The CJC-sponsored research project into experiences of remote civil court hearings reported this morning. The investigation into court users’ experiences was carried out during the first half of May and over 1,000 responses were submitted. Among its tentative findings is that largely procedural or interlocutory matters appear to lend themselves better to remote hearings; fully contested substantive issues perhaps less so.
The post-consultation report runs to 89 pages plus a 53 page appendix, both of which can be accessed via the CJC press release. Responses submitted to the researchers were dominated by those from legal practitioners and, as the report points out “the findings from this study cannot be generalised to the wider population of court users”. It follows that any summary here inevitably cannot address all the detail and nuance and will pick up only the broad points in the research. Those appear to include the following:
- few remote hearing with litigants in person amounting to only around 10% of the sample
- technology problems were reported in over 40% of remote hearings (with more difficulties in full video hearings)
- 60% of the sample of nearly 500 remote hearings were audio-only hearings, 27% were fully by video and, at 40% of the sample, personal injury claims were the most frequent case type
- just over 70% of lawyers reported experiences as positive or very positive, although despite this finding most reported that remote hearings were less satisfactory and less effective than hearings in person
- remote hearings were generally more tiring than conventional hearings, especially if fully by video, and may not necessarily be cheaper to take part in
- respondents recommended use of remote hearings for preliminary issues, interlocutory matters and costs disputes, particularly where both sides are represented, and
- variations in practice and technology platforms across regions and particular courts was described as a “persistent concern”
The experience to date across BLM of remote hearings in England & Wales generally reflects these points.
While it is clear that there has been a huge effort in the last ten to twelve weeks by judges, court staff and practitioners to adapt to remote hearings, there are real practical difficulties and fewer matters are being listed, leading to an ever-growing backlog which will have to be dealt with when the COVID-19 pandemic recedes. It would be entirely unfair to regard all the judicial guidance to date and the rapid integration of technology in the courts as ‘a sticking plaster’, but it is certainly not ’the new normal’ nor is it anything like the fully-fledged online court envisaged by the CJC and the MoJ alike (and spearheaded by Briggs LJ, as he then was).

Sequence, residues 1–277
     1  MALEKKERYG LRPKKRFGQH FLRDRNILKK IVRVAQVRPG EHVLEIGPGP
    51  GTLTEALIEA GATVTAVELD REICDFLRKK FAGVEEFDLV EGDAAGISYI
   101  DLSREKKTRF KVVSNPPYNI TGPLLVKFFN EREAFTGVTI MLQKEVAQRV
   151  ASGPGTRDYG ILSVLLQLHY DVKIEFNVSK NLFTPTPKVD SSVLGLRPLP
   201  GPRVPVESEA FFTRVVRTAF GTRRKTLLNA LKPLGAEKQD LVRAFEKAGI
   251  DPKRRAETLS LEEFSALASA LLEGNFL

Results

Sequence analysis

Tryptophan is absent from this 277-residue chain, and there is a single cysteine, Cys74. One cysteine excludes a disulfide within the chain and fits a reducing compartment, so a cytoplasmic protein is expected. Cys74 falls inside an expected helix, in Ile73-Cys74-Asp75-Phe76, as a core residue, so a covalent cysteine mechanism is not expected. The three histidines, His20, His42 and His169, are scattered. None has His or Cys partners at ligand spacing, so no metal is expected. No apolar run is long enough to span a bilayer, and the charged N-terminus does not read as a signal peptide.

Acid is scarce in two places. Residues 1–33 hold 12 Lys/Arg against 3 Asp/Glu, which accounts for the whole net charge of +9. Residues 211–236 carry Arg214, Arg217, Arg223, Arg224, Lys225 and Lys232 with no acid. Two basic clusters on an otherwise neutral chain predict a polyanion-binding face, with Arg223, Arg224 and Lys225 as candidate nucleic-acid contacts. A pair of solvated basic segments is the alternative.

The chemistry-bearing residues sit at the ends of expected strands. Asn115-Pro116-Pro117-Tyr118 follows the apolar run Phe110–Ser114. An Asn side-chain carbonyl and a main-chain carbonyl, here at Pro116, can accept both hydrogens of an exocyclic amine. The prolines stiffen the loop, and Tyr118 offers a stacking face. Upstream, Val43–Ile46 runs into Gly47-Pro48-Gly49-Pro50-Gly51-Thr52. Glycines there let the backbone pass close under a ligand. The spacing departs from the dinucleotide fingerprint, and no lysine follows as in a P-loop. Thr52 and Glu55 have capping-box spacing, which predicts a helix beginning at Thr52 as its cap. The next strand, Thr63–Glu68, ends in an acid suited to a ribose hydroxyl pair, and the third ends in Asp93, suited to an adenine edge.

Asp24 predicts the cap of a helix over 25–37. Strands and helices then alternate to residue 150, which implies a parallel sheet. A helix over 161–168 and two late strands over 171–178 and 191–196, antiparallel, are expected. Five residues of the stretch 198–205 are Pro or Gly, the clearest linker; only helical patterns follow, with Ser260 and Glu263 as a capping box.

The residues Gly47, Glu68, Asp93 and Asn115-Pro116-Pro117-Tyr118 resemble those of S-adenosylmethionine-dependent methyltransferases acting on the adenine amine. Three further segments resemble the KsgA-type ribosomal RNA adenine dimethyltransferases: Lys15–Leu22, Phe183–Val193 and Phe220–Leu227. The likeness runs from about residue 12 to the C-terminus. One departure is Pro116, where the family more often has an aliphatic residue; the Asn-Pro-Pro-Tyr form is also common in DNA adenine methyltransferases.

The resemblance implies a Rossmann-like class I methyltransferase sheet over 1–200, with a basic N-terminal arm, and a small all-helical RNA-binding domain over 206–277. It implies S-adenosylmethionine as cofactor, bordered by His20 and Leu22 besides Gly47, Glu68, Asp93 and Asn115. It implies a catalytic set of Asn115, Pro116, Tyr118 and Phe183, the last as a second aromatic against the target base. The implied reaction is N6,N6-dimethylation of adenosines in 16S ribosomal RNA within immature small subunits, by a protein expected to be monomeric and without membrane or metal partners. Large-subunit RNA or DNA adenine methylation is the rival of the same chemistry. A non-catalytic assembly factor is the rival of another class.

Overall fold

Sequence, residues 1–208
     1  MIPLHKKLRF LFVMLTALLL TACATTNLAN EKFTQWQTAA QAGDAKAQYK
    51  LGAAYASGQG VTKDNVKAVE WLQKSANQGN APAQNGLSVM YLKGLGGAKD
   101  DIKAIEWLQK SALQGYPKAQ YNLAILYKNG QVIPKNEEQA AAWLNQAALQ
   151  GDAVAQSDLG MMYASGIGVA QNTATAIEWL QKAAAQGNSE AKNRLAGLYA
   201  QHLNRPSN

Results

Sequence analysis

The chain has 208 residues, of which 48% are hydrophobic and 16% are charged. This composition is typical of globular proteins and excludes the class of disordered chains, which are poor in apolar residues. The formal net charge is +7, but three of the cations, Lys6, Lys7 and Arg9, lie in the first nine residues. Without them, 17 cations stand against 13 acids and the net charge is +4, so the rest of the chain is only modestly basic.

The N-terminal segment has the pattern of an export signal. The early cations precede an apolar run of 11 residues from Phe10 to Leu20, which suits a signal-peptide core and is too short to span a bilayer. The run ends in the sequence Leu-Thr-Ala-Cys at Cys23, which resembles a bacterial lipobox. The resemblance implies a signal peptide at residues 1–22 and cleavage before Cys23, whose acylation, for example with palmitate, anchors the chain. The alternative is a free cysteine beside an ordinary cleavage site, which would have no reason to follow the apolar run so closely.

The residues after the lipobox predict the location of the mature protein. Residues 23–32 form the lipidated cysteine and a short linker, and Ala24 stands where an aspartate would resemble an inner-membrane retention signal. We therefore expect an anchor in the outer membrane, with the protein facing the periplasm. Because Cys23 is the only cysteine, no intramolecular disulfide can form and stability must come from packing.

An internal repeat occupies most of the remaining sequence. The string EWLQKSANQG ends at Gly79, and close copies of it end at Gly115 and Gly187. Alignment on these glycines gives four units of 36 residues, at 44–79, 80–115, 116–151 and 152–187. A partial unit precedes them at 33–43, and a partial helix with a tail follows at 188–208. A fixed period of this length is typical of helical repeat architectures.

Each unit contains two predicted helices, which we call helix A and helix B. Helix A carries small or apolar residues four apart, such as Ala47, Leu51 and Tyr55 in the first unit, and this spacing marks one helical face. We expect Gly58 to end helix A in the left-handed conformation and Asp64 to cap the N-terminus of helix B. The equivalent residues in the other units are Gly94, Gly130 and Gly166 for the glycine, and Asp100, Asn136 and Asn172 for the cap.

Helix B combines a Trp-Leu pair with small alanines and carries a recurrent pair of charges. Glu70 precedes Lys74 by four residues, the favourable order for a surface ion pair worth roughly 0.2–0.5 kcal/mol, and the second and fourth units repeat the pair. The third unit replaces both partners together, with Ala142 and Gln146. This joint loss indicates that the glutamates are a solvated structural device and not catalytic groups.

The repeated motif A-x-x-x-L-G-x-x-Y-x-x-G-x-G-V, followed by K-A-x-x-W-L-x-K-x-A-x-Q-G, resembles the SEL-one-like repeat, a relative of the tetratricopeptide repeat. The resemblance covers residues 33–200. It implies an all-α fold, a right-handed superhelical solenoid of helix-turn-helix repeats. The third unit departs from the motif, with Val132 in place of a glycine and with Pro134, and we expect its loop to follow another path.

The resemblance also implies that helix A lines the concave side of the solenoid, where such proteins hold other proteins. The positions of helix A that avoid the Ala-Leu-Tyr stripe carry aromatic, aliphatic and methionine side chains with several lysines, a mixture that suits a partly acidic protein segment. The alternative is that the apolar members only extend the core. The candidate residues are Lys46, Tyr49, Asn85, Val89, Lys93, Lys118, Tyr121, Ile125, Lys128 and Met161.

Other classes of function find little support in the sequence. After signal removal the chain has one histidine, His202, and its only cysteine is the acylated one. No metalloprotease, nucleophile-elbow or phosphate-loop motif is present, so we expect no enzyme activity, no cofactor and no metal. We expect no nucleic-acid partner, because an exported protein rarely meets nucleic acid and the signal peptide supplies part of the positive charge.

Whether by coincidence or by design, Professor Susskind – a leading advocate of the online court – gave evidence to a Parliamentary Committee earlier this week and warned policymakers not to “take English justice system and drop it into Zoom”. He recommended instead reflecting carefully on the current practice of remote justice, describing it with some understatement as a “major unscheduled pilot” of remote hearings.
The new findings of the CJC-sponsored research into remote hearings in civil cases are consistent with those from a similar exercise in family matters carried out just a few weeks earlier. This suggests at the very least that common solutions for improving experiences in remote hearings could be implemented across both jurisdictions.
The CJC report includes the table below which sets out some very practical areas for possible improvement in remote hearings. It should be hoped that these are addressed by court users and the court service as quickly as possible in order to ensure and improve access to (remote) justice during the uncertain duration of the present crisis.
|Conduct of the hearing||
Alistair Kinley, Director of Policy & Government Affairs